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Free vs paid bankruptcy advice

A range of companies offer bankruptcy advice for a fee, but is their advice trustworthy?

woman looking worried about money
Last updated: 05 January 2023


Checked for accuracy by our qualified fact-checkers and verifiers. Find out more about fact-checking at CHOICE.

Need to know

  • Bankruptcy can have long-term impacts, and consumer advocates say it's a decision that should only be made with independent advice 
  • A number of for-profit companies offer bankruptcy advice for a fee, but the bankruptcy regulator warns about 'untrustworthy advisers'
  • Free and independent advice and help is available from the National Debt Helpline

When Alex* found himself in around $13,000 debt earlier this year and unable to pay his bills, he did what many people would do and searched for help on the internet. 

He came across a company which initially promised to help him restructure his debts into one payment. It wasn't until later that Alex found out the company would charge him a $2000 fee for doing so. 

"They promise you the earth and then you get nothing. I had my hopes very high on getting out of debt, paying a small amount back at a weekly rate sort of thing," he says. 

They promise you the earth and then you get nothing

Alex, who sought help from a for-profit bankruptcy adviser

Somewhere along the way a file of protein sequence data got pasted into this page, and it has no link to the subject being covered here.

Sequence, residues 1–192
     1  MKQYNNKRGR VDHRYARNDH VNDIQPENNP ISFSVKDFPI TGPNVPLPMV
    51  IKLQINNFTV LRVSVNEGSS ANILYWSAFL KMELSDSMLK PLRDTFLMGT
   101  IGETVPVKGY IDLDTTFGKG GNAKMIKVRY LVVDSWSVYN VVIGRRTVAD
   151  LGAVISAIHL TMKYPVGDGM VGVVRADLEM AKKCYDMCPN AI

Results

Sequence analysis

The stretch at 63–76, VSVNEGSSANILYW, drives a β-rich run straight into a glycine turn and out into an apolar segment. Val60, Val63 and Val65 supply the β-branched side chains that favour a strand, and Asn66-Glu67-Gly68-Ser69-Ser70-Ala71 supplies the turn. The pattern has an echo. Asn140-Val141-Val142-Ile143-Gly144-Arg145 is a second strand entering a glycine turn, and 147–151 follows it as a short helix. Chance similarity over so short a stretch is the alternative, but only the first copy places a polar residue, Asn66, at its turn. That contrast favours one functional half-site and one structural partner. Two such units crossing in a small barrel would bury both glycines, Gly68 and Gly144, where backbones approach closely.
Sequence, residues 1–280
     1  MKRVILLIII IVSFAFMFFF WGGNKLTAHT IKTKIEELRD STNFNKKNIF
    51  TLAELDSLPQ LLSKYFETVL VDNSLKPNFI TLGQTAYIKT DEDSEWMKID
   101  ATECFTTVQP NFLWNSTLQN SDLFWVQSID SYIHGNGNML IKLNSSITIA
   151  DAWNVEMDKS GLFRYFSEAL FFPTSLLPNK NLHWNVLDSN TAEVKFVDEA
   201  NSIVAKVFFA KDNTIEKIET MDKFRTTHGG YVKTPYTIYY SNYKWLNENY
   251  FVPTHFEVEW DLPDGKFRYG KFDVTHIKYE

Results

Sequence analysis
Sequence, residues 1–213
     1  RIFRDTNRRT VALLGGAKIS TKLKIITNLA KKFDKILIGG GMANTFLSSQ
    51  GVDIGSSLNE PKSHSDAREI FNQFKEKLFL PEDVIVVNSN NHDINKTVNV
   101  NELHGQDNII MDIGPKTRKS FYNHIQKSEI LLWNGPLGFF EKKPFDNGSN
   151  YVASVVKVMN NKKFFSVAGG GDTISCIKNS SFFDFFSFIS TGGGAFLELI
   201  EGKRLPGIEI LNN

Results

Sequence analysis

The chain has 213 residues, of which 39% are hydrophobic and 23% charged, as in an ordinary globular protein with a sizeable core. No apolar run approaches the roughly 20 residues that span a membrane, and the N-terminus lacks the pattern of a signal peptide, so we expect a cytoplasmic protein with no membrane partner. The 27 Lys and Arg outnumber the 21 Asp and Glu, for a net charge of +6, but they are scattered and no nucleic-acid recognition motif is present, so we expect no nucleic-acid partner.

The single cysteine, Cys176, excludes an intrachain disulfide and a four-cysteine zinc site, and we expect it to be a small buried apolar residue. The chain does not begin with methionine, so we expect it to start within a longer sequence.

Alex has been on a disability support pension for decades, so his financial options were limited.

In the course of several phone conversations, the company then said it wouldn't be able to to help Alex after all, and suggested he go bankrupt instead. The company did not offer to do the bankruptcy paperwork for him. 

Alex then called the National Debt Helpline, a free financial counselling service. He was connected with a financial counsellor who is currently helping him clear many of his debts on the grounds that incomplete credit assessments were done when he was given the loans. 

"The financial counsellor wouldn't have a bar of it. They said there is no need for me to go bankrupt," Alex says.

financial statement

A free financial counsellor may be able to help you find ways to avoid bankruptcy.

Lasting consequences

Declaring bankruptcy can get you out from under your debts in the short term, but can have lasting consequences, such as not being able to qualify for a loan or being denied access to other financial products and services.

There were 2400 personal insolvencies in Australia between July and September last year, 1400 of which were bankruptcies. Experts say insolvency numbers have come down since the COVID pandemic, largely due to government support payments. But they're likely to rise again now that support has ended.

Nicola Howell, a senior law lecturer at Queensland University of Technology who researches bankruptcies, says people are particularly vulnerable to offers of an easy escape when they reach a point in their life where bankruptcy seems like the only way out.

The top search result on Google is not always going to be the best advice – in fact quite often it won't be

Nicola Howell, senior law lecturer, Queensland University of Technology

"They feel embarrassed that they're in this position that they can't work out what to do. So it's really a very difficult time for people," she says.